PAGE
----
Turkey, Israel tension linked to Ankara's new alliances


ISLAMIC-TINTED ideology and a new Turkish emphasis on soft power over military may lie at the heart of a double crisis that has engulfed once-close ties between Israel and Turkey this week.

Relations between the two countries, tense since Israel’s attacks on the Gaza Strip last year, were dented last weekend when Israel protested at being excluded from joint airforce exercises in Turkish airspace.

The two countries’ militaries have been closely connected since the 1990s, when Israel provided Turkey with intelligence and software in its war against Kurdish separatism. Turkey and Israel were joined by their mutual mistrust of Iran and Syria, which sheltered Kurdish rebels until 1998.

Today, Turkey is working to end a Kurdish war that has claimed 40,000 lives since 1984, and Syria has gone from being enemy number one to Ankara’s best friend.

On Tuesday, the day the joint exercise was due to start, Turkey signed a civil and defence co-operation deal with Syria, which included an agreement to abolish mutual entry visa requirements.

While Turkish prime minister Tayyip Erdogan said he was following “public opinion” in excluding Israel from the exercises, analysts say he was probably gesturing as much at Syria.

Turkey’s new emphasis on “no problems on its borders” was in evidence again on Thursday, when Mr Erdogan flew to Baghdad to sign more than 40 memorandums of understanding, including one to export Iraqi natural gas to Turkey.

“Turkey’s influence in the region is expanding rapidly and it no longer feels it needs Israel as much as it did in the past,” said foreign affairs analyst Soli Ozel.

Turkey’s growing indifference to Israel is mirrored in the rapid growth in its trade to the Arab world. The Middle East and north Africa’s share in Turkey’s total trade has grown from 11.4 per cent of total volume in 2002 to 16.2 per cent today. But the crisis with Israel this week also has to do with the Turkish government’s sensitivity to the ongoing humanitarian crisis in the Gaza Strip.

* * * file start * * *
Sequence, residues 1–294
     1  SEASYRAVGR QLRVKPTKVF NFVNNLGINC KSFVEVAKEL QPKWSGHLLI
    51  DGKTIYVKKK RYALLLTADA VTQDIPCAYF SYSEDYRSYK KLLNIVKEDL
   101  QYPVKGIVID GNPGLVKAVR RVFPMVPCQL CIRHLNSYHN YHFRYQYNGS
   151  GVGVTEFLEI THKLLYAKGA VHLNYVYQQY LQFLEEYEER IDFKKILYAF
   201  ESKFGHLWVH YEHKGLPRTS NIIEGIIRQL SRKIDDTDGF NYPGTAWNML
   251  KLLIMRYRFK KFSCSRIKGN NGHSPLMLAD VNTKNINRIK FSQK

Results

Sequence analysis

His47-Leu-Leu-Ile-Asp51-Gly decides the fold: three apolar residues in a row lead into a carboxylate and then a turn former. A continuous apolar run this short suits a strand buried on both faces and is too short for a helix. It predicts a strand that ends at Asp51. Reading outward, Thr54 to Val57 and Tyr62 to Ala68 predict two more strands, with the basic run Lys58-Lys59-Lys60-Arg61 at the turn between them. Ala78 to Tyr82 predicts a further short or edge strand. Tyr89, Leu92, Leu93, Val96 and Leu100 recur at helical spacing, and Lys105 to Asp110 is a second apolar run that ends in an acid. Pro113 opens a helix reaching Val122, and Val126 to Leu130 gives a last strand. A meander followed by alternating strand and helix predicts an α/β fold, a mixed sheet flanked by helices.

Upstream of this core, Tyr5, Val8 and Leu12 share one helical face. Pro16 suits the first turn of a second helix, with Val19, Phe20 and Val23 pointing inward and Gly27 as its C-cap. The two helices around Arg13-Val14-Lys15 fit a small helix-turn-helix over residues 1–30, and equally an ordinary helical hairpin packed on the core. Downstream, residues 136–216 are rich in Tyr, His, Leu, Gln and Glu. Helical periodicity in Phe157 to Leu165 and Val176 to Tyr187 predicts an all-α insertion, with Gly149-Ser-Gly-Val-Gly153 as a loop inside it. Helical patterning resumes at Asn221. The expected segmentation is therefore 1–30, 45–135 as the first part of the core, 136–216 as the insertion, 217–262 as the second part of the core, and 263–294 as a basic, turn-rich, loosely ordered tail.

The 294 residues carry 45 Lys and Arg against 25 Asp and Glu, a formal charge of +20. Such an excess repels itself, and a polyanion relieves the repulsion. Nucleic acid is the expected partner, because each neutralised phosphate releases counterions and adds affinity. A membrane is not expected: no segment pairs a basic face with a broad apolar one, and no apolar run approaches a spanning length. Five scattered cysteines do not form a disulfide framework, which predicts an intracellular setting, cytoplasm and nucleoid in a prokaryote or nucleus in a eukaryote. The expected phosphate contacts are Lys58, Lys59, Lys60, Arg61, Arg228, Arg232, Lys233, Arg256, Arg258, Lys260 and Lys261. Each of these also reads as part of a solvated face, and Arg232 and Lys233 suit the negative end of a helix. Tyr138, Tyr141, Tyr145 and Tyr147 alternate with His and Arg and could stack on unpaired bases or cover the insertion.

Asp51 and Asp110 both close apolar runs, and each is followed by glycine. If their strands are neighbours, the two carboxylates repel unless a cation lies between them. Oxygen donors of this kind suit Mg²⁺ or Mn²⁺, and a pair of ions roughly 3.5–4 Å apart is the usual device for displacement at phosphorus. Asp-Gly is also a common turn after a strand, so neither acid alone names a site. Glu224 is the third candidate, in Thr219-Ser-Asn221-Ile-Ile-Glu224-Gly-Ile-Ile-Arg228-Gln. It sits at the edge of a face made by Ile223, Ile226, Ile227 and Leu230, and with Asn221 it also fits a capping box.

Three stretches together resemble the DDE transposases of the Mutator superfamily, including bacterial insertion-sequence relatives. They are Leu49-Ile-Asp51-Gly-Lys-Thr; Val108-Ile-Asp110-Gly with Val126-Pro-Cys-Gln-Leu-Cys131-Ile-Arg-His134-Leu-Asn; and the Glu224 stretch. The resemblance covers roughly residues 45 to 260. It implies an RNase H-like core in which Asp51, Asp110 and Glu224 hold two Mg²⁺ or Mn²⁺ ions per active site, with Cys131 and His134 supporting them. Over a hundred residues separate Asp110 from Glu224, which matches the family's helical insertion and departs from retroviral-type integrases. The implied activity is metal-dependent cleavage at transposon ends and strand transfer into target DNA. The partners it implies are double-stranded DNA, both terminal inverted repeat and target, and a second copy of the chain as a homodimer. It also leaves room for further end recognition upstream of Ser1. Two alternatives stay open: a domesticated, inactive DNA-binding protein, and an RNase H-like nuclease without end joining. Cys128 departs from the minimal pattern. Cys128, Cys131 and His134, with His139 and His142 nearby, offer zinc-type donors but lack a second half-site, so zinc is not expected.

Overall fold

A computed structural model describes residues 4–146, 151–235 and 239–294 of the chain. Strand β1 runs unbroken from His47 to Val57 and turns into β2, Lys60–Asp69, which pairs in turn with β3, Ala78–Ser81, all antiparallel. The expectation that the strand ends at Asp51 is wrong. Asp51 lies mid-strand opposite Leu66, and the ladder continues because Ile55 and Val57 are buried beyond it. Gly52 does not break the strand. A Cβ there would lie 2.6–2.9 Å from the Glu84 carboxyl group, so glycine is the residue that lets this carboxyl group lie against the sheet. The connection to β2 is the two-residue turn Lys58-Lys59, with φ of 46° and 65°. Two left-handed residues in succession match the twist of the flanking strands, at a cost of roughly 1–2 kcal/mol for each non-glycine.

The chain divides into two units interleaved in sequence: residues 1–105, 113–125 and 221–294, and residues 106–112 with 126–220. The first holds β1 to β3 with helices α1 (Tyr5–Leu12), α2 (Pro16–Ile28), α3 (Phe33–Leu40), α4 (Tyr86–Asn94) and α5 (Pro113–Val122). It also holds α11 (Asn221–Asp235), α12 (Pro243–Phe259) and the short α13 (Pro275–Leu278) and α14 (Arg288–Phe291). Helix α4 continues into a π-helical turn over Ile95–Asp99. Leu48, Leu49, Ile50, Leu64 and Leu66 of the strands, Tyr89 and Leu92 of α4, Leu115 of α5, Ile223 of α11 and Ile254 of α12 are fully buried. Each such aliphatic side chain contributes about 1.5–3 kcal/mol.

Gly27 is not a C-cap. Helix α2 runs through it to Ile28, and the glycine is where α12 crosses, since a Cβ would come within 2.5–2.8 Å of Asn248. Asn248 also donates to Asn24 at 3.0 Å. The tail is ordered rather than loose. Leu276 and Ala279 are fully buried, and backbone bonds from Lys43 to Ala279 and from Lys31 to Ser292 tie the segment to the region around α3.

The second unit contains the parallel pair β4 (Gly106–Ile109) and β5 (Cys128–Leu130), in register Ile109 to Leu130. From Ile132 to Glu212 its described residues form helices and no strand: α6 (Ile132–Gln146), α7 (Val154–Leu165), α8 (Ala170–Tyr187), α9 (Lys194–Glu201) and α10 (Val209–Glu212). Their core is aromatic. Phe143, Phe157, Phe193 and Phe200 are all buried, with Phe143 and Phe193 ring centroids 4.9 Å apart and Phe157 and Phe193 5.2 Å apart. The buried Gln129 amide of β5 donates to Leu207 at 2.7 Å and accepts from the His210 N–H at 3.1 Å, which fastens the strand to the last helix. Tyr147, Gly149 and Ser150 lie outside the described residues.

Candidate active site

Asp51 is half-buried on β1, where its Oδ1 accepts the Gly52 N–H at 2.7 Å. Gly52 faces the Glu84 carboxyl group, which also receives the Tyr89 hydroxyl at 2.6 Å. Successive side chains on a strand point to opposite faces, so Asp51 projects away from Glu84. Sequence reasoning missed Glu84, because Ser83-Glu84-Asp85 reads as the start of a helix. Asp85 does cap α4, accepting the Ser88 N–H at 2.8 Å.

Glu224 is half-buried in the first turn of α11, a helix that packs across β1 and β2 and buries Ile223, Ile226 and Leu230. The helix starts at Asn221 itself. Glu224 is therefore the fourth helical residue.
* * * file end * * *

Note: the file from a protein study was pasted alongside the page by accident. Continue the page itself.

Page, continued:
“At an international conference in Sharm el-Sheikh this September, a number of countries, including Turkey, pledged sizeable donations” for the reconstruction of Gaza, said Suat Kiniklioglu, deputy chairman of external affairs for the ruling Justice and Development Party (AKP).

“Israel is not allowing construction materials in. This upsets Mr Erdogan greatly.”

Columnist Kadri Gursel said he believed Turkish-Israeli relations would have been slowly downgraded even if a secular-minded government was in power in Ankara. “The difference is that the AKP, for ideological reasons, has pushed through that change more brutally.”

On Wednesday, tensions over the cancellation of military exercises grew when Turkey’s state-run television channel, TRT, screened the first episode of a new series, Separation. Set in the Gaza Strip and replete with graphic scenes of Israeli soldiers shooting children and newborn babies dead, it sparked outrage in Israel and Turkey.

A series that “presents Israeli soldiers as the murderers of innocent children would not be appropriate in an enemy country and certainly not in a state which maintains diplomatic relations with Israel”, Israeli foreign minister Avigdor Lieberman said on Thursday.

Asked about the series yesterday, Turkish foreign minister Ahmet Davutoglu said: “The foreign ministry is not an advisory board for television series. Autonomous bodies follow their own editorial policy, and we do not obstruct them.”

Headed by a board appointed by the Islamic-rooted government, however, TRT has long been criticised in Turkey for rehashing the government’s line.

While Mr Erdogan has repeatedly condemned anti-Semitism, his party has its roots in political Islam, which is staunchly anti-Israeli and often anti-Semitic.

A spokesman for Turkey’s 20,000-strong Jewish community said the series risked increasing anti-Semitic feeling in Turkey by presenting “political clashes in Israel as a religious war”.

Despite Turkish diplomats’ predilection for visiting their new allies in the Middle East and the growing coldness of relations with Israel, analysts believe it may be too soon to say Turkey is drifting out of the West’s orbit towards the Middle East.